This gives you an indication that the disk is ok. Then unmount the image.
Create logical and swap volumes for your new DomU.
lvcreate -L20G -n myservername-disk vg0and
lvcreate -L2G -Cy -n myservername-swap vg0. Also initialize the swap disk,
Copy your disk image to the new logical volume.
dd if=disk.img of=/dev/vg0/myservername-disk bs=4096 skip=256. The
skiparguments are there to get the correct offset for your partition. I could go with
bs=512 skip=2048, of course, but making the block size larger makes copying much faster. (And
512*2048 = 4096*256, so it does not matter for the offset.)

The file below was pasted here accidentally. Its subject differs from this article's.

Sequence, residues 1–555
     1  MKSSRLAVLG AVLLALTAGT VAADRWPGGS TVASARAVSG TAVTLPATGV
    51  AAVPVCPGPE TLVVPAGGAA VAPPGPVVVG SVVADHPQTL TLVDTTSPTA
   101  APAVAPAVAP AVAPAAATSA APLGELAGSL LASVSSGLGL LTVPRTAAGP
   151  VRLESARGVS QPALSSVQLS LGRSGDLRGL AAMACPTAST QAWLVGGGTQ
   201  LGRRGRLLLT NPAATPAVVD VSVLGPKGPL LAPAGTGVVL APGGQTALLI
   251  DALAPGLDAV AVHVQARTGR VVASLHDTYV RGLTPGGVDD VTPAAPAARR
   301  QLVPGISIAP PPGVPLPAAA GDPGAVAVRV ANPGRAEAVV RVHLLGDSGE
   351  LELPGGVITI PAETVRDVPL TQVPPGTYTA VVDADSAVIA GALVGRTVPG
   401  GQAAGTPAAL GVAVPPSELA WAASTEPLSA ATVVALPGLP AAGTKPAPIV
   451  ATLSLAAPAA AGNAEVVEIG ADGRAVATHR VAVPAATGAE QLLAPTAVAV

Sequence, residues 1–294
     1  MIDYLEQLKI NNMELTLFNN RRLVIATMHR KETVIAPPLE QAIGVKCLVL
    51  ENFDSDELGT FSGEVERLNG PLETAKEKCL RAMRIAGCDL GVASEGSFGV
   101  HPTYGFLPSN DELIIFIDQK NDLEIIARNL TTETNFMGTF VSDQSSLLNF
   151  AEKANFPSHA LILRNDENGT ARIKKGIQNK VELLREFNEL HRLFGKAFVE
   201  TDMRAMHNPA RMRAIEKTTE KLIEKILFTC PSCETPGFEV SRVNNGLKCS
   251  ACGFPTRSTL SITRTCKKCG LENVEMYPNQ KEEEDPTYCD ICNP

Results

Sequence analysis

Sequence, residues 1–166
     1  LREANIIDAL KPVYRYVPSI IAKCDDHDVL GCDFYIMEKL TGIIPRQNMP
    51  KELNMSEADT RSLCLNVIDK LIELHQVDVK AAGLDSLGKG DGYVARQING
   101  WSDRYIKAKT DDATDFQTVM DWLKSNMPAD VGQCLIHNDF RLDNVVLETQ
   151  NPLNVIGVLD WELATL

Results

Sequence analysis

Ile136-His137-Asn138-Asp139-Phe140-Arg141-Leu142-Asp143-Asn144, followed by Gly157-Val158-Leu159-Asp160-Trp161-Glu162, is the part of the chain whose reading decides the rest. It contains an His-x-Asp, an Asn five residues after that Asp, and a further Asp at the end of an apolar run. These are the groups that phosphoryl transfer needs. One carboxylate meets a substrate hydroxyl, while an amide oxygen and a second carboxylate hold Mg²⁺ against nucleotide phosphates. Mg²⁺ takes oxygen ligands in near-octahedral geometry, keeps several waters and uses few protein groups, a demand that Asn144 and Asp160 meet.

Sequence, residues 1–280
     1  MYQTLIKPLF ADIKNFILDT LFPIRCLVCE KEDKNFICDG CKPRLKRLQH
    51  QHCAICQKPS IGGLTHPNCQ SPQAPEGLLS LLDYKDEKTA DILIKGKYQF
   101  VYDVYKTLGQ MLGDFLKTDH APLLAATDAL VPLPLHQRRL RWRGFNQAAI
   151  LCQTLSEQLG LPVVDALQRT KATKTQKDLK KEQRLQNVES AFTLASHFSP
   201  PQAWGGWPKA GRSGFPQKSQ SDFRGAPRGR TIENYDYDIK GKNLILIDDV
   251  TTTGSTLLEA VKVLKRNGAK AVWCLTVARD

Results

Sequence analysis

Check the filesystem on your logical volume (and fix any errors), resize the fs to fit the lv, and check again.
e2fsck -f /dev/vg0/myservername-disk resize2fs -p /dev/vg0/myservername-disk e2fsck -f /dev/vg0/myservername-disk
Check the virtual disk settings in your virtual machine. This will be needed for your DomU config file. Mount the logical volume.
mount /dev/vg0/myservername-disk tmp. Then check the fstab file, and (if it exists) the grub
more tmp/etc/fstab more tmp/boot/grub/menu.lst
Note the disk names for root and swap!
Update the network settings for your DomU. With the virtual disk still mounted, edit the
interfacesfile to something that suits your local environment.
vi tmp/etc/network/interfaces. I’ve usually changed mine from something like: